DoD Update on Landmine Ban
By Linda D. Kozaryn
American Forces Press Service
WASHINGTON, May 27, 1997 Defense officials have removed about 80 percent of DoD's 3 million nonself-destructing anti-personnel landmines from military stockpiles, Pentagon officials said May 15. The mines are slated for destruction.
So far, about 888,000 of the so-called "dumb" mines have been destroyed, officials said. All 3 million are scheduled for destruction by the end of 1999.
The Pentagon released a report in May titled "Report to the Secretary of Defense on the Status of DoD's Implementation of the U.S. policy on Anti-personnel Landmines." It says the military is on schedule and is making progress toward complying with the president's call for a global ban issued last May.
DoD is working with other government agencies to pursue a global ban through the Conference on Disarmament, DoD officials said. In January, Clinton permanently banned anti-personnel mine export and transfer and capped stockpiles at current inventory levels, DoD officials said.
Eliminating anti-personnel landmines, except for training purposes and defense of the Korean Demilitarized Zone, is DoD's immediate goal. DoD officials say the right to use landmines in Korea must be preserved until alternatives become available or the risk of aggression has been removed. Without mines, the United States and South Korea could expect significantly higher casualties and a longer-lasting conflict between North and South, officials said.
The services are revising doctrine and reviewing war and contingency plans to reflect changes in the anti-personnel mine policy, officials said. DoD has also begun an aggressive research and development program to provide alternatives that will end U.S. reliance on mines. The fiscal 1997 budget allocates $2 billion for this purpose; the fiscal 1998 budget allocates $3 million and $5 million is allocated in fiscal 1999, officials said.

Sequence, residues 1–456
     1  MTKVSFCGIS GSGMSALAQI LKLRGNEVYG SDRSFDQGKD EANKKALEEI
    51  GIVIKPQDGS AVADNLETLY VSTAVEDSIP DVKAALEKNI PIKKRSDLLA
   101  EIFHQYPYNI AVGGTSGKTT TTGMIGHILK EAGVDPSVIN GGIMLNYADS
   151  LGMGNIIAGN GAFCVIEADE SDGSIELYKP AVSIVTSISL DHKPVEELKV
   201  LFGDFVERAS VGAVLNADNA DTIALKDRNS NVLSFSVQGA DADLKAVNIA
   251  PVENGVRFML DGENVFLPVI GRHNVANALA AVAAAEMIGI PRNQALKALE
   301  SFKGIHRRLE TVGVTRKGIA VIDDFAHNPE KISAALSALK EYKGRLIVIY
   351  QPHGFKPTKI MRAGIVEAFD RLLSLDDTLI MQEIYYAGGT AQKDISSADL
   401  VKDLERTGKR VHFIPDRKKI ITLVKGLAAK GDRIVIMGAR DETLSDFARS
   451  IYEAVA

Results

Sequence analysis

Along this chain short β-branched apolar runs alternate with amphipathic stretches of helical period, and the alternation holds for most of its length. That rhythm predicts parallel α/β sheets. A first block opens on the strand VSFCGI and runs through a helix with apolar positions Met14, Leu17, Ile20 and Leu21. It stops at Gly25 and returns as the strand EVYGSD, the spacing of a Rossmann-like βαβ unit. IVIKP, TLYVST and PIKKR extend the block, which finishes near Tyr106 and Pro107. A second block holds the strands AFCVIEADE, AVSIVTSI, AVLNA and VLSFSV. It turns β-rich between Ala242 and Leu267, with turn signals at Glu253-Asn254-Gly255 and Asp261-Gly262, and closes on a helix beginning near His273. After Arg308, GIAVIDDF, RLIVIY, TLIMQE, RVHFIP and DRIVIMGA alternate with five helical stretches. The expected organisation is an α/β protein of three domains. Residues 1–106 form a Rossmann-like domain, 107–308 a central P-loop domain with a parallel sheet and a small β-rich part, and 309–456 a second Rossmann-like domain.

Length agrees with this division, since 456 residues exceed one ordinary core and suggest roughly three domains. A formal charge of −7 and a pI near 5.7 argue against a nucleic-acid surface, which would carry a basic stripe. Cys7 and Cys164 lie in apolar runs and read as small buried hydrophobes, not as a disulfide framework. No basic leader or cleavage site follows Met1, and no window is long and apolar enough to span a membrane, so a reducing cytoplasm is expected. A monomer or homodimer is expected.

DoD has tested new demining equipment in Bosnia, Cambodia, Laos and Rwanda with more prototypes to be fielded within the next two years, official said. Of 29 prototypes tested in fiscal 1995-1996, there were 17 deemed successful for immediate use in humanitarian demining operations, officials said. The fiscal 1997 and 1998 budgets include $14.4 million and $17.7 million, respectively, for the equipment development program. Twenty-one more projects will be fielded, officials said.
Officials estimate 100 million landmines are buried in 70 countries around the globe. Humanitarian demining operations increased from 12 countries in fiscal 1996 to 14 in fiscal 1997, with 10 more countries being considered, DoD officials said. The number of DoD personnel deployed for demining operations increased 77 percent, up from 156 to 276, officials said. The number of local government forces trained is up 133 percent from 516 to 1,200, and the dollar value of equipment transferred to these operations is up 32 percent, from $1.9 million to $2.8 million.